The Jewish Nomad’s guide to falling into a healthier High Holiday season experience

A picture of Vermont by Ilana Zackon.

As the leaves change on the trees and the weather gets colder, I can’t help but feel that the Jewish calendar got the timing right.

Who wants to start a new year in the dead of winter, shovelling snow off your driveway and shivering? Not me.

With the start of school, the brisk air and the slew of Jewish holidays—both sweet and reflective— it just… makes sense. 

At my Rosh Hashanah table, a big topic of discussion this year was: why do we have so much happening at once? Four days after Yom Kippur comes Sukkot, which segues into Shemini Atzeret and Simchat Torah.

For those observing, it’s both delightful and exhausting.

And while I don’t have the answer to the calendar question just yet, I have thoughts on how to get through this season without burning out.

1. Learn how to balance your bowels

You heard me. As an Ashkenazi Jew, I know all about spending time in the bathroom due to eating too many beige-coloured carbs.

I used to see the holidays as a time to let go, food-wise, and adopt the mentality that calories don’t count on Shabbat.

But my metabolism ain’t what it used to be.

What I’ve found helpful is to keep up my healthy eating habits, even during the yom tov feasts.

If drinking a smoothie for breakfast is what keeps you going, keep that up. (Bubbe will be sure to save you a piece of honey cake for later, don’t you fret.)

Make sure you’re getting enough fruit, vegetables and protein, in addition to the potatoes, challah and the like. You need carbs, too—but if you feel like a sack of potatoes all month, you might want to take that feedback in!

Overall, make sure you’re listening to what your body actually wants to consume. Ask yourself: how will I feel, in my body, after eating this? Do I actually want to eat this or is it because it’s in front of me?

And if you choose to indulge in big, heavy meals for dinner (by all means do! It’s still important to enjoy yourself!), consider having a lighter breakfast or lunch. And be sure to keep your body moving, so you can digest, whether that’s long walks around the park with friends and family—or hitting the gym on the intermediate days of Sukkot.

2. Explore the power of restorative yoga

As a certified instructor, I highly recommend restorative yoga as a way to keep your immune system in check.

If you don’t think you’re flexible, rest assured this style of yoga is sweat-free, restful and almost entirely done on the ground. I like to think of it as a self-massage where all you need to do is set up your props and let them work for you.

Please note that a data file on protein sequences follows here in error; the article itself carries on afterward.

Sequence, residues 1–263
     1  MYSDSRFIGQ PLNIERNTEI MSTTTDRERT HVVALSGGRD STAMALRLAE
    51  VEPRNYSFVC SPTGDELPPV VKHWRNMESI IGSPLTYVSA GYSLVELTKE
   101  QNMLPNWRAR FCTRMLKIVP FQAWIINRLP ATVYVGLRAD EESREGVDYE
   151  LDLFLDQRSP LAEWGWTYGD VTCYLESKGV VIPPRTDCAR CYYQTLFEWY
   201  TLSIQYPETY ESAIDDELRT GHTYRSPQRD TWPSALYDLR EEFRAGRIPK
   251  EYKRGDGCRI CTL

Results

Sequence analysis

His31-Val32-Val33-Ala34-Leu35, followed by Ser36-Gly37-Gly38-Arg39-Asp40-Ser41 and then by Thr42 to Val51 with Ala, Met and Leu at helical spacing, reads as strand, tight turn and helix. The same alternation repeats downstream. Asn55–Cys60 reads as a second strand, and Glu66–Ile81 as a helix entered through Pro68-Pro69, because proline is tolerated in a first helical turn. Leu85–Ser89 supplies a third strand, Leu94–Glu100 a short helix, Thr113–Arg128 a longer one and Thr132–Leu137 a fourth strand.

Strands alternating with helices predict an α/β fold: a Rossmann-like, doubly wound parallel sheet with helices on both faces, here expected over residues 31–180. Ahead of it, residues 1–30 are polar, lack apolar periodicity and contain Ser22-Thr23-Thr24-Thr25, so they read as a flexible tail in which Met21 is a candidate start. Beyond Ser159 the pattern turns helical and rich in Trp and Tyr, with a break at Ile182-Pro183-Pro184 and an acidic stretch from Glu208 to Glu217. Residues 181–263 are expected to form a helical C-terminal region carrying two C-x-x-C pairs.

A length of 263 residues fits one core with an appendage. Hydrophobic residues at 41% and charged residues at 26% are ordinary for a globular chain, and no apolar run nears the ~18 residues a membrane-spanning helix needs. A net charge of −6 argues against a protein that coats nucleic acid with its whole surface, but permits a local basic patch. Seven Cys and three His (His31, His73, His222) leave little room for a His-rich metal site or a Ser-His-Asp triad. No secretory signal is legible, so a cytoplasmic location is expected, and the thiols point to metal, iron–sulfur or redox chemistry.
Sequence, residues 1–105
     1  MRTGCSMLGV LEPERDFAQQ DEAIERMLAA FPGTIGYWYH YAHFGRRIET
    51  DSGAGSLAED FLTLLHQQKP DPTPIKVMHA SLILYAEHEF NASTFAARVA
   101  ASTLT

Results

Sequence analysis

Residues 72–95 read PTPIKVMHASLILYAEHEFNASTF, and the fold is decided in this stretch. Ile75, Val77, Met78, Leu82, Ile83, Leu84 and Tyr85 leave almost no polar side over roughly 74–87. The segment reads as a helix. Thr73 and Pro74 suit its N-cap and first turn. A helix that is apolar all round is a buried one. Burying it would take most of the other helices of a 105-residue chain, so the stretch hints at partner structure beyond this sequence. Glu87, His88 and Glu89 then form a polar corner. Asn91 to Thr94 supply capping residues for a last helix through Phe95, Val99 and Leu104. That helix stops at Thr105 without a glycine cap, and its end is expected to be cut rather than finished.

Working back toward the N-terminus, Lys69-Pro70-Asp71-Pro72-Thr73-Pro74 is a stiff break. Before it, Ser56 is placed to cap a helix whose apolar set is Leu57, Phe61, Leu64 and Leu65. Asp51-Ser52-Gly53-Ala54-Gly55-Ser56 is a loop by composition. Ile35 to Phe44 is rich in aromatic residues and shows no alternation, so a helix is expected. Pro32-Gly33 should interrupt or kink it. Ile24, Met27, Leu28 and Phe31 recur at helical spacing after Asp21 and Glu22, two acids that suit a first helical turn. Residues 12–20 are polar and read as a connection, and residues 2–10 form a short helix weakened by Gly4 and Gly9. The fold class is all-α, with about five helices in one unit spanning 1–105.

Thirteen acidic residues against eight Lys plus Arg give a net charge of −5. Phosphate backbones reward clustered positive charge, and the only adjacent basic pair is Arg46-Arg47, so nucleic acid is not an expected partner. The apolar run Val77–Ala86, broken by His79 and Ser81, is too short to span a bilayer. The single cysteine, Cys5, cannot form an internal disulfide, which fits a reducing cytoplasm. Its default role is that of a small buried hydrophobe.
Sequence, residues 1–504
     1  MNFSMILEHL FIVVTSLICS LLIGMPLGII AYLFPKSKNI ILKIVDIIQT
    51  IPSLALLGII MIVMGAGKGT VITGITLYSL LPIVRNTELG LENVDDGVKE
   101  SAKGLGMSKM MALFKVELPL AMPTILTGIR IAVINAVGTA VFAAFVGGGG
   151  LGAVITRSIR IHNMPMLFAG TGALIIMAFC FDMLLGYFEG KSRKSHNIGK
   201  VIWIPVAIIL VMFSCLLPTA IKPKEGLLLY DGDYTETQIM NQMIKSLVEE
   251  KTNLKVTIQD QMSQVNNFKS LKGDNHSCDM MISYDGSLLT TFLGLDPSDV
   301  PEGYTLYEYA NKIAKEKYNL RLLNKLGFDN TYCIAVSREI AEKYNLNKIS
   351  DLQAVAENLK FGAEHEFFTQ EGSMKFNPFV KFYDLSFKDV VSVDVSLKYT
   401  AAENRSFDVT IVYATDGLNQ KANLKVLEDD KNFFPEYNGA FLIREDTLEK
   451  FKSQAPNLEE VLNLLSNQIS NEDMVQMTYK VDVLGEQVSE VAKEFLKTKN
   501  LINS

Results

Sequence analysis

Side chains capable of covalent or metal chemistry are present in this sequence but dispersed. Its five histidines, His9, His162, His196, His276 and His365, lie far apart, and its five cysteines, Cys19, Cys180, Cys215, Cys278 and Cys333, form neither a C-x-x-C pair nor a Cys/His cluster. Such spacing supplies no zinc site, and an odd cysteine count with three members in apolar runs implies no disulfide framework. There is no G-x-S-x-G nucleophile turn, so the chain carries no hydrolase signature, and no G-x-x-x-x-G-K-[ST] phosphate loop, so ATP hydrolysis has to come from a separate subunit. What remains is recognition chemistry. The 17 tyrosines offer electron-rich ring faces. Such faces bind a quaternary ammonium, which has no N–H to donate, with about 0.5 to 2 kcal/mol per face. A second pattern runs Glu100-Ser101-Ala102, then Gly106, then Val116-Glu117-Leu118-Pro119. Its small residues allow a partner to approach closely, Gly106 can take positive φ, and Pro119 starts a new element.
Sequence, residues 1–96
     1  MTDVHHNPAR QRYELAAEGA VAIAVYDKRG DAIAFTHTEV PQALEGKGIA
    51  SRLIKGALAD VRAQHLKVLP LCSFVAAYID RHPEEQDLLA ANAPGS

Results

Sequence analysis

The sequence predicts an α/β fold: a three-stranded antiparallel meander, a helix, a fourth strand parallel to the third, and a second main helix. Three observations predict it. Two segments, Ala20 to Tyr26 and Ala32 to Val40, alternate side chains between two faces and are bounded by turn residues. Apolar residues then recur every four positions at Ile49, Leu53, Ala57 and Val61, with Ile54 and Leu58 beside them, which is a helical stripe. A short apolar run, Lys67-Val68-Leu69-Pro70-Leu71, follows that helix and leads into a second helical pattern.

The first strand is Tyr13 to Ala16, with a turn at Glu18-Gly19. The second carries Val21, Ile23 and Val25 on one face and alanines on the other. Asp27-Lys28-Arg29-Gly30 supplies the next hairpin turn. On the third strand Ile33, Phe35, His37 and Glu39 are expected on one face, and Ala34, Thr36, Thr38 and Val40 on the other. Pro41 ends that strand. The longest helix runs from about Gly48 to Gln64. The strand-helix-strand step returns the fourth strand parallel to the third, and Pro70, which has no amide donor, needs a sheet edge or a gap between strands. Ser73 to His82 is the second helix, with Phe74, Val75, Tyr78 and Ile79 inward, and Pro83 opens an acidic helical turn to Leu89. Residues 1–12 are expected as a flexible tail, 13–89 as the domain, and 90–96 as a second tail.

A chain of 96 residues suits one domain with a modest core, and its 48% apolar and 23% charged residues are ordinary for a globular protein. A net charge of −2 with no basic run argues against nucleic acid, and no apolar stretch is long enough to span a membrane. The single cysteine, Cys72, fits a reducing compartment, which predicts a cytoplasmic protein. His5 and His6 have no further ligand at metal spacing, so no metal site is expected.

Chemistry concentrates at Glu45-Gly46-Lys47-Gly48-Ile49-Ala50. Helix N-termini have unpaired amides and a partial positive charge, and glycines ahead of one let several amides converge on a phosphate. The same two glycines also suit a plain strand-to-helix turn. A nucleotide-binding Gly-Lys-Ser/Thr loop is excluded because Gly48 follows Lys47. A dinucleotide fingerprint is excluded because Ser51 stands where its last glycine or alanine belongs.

“The Yoga Ranger” on YouTube has excellent free videos to help you wind down and rebalance your energy, nervous system and adrenals.

If you don’t have a lot of time, this short 20-minute video will work wonders. All you need is one blanket.

(If you liked this, be sure to check out more of her videos.)

Pro tip: you can easily substitute studio-tier props, like bolsters and yoga blocks, with items from home like pillows and books.

3. Just cozy up with a good book

Are you feeling socially drained from all of those kiddushes and large communal meals?

Make sure to find reading material that excites you to spend some time with, between high-energy activities. This past year, I had the pleasure of interviewing a number of very talented authors. To top it off, I thoroughly enjoyed reading their work. Two of them happen to live in Toronto:

My Face in the Light by Martha Schabas is a lyrical, captivating read about a young woman’s relationship with her artist mother. It sucked me right in and I couldn’t put it down. It’s a reflective piece about coming to terms with childhood traumas and entering the trials and tribulations of adulthood.

What We Talk About When We Talk About Anne Frank by Nathan Englander is a thought-provoking and engaging collection of very Jewish short stories. Witty and intelligent, Englander brings in his own experience, growing up in a religious Jewish community, while really pushing the envelope. In the title story, a baal teshuvah couple and a secular couple come together and must face their differences. This book pulls no punches.

4. You could always just go outside

When I lived in Vancouver, I discovered that locals got through the rainy winters by… going outdoors anyway.

It’s very tempting to stay in on dreary days, but getting fresh air can make a huge difference to your mental well-being.

So, make sure to spend time outdoors, between meals and shul attendance—regardless of the weather.

(Once we get into the rituals of Sukkot, this will become much easier, of course.)

Do you have any other activities or habits that have helped you get through the chagim more peacefully? Write in to let me know and shanah tovah! 

Ilana Zackon can be reached at ilanawritesthings[@] and found on Facebook and Instagram.

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